Interzone / Re: Coursera introductory classes on Classical music
« on: December 04, 2013, 12:44:03 AM »
I'll get these down in a list.
For the moment I am using Harmony and Voice Leading, by Edward Aldwell, Carl Schachter, and Allen Cadwallader.
I think I should finish this one first before venturing into deeper territory, no?

I don't know the text but I would say if you're learning and finding it useful then there is no reason to move on.  Schoenberg's Structural Functions of Harmony is not a beginners' harmony book.  It presupposes a knowledge of basic diatonic and chromatic harmony and standard modulation patterns.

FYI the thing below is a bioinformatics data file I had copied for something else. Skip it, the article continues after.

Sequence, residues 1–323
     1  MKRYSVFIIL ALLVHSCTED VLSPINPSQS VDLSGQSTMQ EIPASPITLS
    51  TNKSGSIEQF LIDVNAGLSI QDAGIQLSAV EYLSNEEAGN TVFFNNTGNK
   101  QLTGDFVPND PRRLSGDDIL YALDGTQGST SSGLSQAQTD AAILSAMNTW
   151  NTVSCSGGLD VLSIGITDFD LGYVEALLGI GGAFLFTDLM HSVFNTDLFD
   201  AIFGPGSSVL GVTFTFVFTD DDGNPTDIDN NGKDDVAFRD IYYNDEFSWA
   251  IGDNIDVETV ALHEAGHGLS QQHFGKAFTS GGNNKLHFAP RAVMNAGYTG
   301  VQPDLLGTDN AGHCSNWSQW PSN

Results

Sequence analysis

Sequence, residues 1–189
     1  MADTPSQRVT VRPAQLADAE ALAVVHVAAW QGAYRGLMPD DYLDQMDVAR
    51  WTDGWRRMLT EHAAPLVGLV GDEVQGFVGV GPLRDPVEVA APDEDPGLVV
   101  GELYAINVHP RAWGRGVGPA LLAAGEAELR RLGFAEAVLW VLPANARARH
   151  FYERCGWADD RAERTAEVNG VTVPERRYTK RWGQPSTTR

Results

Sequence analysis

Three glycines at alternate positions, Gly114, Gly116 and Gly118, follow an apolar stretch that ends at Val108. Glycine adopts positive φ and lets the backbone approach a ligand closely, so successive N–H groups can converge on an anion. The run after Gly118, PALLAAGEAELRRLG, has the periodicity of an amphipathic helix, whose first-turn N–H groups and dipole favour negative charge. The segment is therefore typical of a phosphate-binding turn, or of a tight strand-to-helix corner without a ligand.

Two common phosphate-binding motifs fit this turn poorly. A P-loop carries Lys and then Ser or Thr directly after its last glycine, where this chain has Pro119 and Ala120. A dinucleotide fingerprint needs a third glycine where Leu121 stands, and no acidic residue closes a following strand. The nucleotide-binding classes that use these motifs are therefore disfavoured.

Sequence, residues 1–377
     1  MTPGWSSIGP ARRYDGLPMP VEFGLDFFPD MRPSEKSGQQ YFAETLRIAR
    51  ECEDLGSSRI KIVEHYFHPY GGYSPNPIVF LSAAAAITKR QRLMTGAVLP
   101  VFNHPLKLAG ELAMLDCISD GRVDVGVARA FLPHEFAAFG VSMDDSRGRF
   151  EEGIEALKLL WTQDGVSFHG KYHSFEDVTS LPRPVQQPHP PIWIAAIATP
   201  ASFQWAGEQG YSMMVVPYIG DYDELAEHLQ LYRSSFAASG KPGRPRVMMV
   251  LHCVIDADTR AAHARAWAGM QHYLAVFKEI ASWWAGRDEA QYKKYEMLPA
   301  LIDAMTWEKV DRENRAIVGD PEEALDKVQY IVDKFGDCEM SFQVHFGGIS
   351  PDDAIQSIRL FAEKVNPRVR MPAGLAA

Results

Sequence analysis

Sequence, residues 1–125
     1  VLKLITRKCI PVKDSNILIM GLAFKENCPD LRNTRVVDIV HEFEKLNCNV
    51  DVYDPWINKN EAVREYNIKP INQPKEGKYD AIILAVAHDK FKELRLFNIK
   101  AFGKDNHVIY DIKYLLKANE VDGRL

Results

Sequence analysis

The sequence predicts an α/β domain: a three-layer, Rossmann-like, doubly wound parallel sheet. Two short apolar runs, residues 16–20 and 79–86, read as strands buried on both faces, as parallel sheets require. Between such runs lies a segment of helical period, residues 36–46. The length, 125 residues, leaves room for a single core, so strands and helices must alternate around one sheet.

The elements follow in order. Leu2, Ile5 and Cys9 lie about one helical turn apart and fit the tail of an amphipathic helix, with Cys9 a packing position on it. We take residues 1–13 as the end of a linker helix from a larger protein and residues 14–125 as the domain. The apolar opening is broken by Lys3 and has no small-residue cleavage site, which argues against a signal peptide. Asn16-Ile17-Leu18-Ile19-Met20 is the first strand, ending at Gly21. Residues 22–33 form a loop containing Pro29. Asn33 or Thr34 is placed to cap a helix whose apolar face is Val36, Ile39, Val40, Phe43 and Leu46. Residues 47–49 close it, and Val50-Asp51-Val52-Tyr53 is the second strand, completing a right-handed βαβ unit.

I probably should have mentioned is that the Schoenberg texts are primarily aimed at people who wish not only to analyse music but to compose it.  Thus the level of detail is significantly greater than what is often presented.  Also, for anyone who wishes to compose music for classical instruments an orchestration textbook is a must.  I use the one by Walter Piston although I hear there are several other good ones available.

Metal / Re: Most metal albums are too long...
« on: December 03, 2013, 06:02:44 PM »
and.....mmm...what is your opinion about Nuclear Assault - Handle with Care?? not enter in the concept...

Haven't heard it...

I think albums should be more ‘solid’, not necessarily shorter or longer in duration. Certain parts of songs could be expanded on while others are de-emphasised. There is also, as you say, much to be gained in developing beyond the typical song/album format altogether.